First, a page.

Nasometry testing gives the speech pathologist a nasalance score, the percentage of nasal sound of the total sound during speech. This score can be compared to normative values for the speech passage. Nasometry is useful in the evaluation of hypernasality because it provides objective measurements of the function of the velopharyngeal valve; as such, it is used for pre-and post-surgical comparisons and to determine speech outcomes as a result of certain surgical interventions. Nasopharyngoscopy is endoscopic technique in which the physician or speech pathologist passes a small scope through the patient's nose to the nasopharynx; the nasal cavity is numbed before the procedure, so there is minimal discomfort. Nasopharyngoscopy provides a view of the velum and pharyngeal walls during nasal breathing and during speech; the advantage of this technique over videofluoroscopy is that the examiner can see the size and cause of the velopharyngeal opening clearly and without harm to the patient. Small openings can be visualized.
This information is helpful in determining appropriate surgical or prosthetic management for the patient. The disadvantage of this technique is that the vertical level velar elevation is less obvious than with videofluoroscopy, although this is not a big concern. Multiview videofluoroscopy is a radiographic technique to view the length and movement of the velum and the posterior and lateral pharyngeal walls during speech; the advantage of this technique is. Disadvantages include the following: 1; this procedure requires radiation, a particular concern for children. 2. It is not well tolerated by some children because it requires injection of barium into the nasopharynx through a nasal catheter. 3. The resolution is not nearly as good as nasopharyngoscopy. 4. Small or unilateral openings can not be seen. 5. It only provides a two-dimensional view, therefore, multiple views are needed to see the entire velopharyngeal mechanism. Comparison between multiview videofluoroscopy and nasoendoscopy of velopharyngeal movements."/> A new approach in the diagnosis is magnetic resonance imaging, noninvasive.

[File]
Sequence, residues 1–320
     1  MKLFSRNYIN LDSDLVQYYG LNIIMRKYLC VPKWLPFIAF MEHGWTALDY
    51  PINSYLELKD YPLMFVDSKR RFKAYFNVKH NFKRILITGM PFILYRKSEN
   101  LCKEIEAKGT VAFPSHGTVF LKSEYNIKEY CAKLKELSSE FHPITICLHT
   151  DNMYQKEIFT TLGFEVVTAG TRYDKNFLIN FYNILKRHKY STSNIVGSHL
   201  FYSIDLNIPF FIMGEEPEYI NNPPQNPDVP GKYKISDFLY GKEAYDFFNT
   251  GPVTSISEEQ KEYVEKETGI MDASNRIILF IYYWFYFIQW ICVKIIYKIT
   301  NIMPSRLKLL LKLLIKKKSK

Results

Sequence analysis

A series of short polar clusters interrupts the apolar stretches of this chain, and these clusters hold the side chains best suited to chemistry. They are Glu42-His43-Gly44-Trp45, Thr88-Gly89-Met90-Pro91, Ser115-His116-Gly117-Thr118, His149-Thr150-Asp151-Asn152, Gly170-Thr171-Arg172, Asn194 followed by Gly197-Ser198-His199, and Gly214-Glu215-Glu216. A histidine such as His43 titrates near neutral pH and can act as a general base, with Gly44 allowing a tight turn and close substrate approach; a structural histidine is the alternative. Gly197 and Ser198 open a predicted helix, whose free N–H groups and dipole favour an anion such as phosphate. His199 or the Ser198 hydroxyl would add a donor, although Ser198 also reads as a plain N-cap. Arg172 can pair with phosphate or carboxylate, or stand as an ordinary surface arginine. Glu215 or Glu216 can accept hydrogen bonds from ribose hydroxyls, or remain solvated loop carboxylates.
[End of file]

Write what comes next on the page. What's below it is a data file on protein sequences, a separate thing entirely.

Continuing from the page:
MRI uses the property of nuclear magnetic resonance to image nuclei of atoms inside the body. MRI is non-radiographic and therefore can be repeated more in short periods of time. In addition, different studies show that the MRI is better as an imaging tool than videofluoroscopy for visualizing the anatomy of the velopharynx. There are some limitations of the MRI however. Unlike videofluoroscopy and nasopharyngoscopy, MRI does not show the movement of the velopharyngeal structures during speech. In addition, artifacts can be shown on the images when the patient moves while imaging or if the patient has orthodontic appliances. MRI is limited in children. MRI is much more expensive than videofluoroscopy or nasopharyngoscopy; because of these limits, MRI is not used for clinical diagnostic purposes. Speech therapy will not correct velopharyngeal insufficiency; the condition requires physical management. Speech therapy is appropriate to correct the compensatory articulation productions that develop as a result of velopharynge
Indigenous peoples of the Americas
The indigenous peoples of the Americas are the Pre-Columbian peoples of North and South America and their descendants. Although some indigenous peoples of the Americas were traditionally hunter-gatherers—and many in the Amazon basin, still are—many groups practiced aquaculture and agriculture; the impact of their agricultural endowment to the world is a testament to their time and work in reshaping and cultivating the flora indigenous to the Americas. Although some societies depended on agriculture, others practiced a mix of farming and gathering. In some regions the indigenous peoples created monumental architecture, large-scale organized cities, city-states, states and empires. Among these are the Aztec and Maya states that until the 16th century were among the most politically and advanced nations in the world, they had a vast knowledge of engineering, mathematics, writing, medicine and irrigation, mining and goldsmithing. Many parts of the Americas are still populated by indigenous peoples.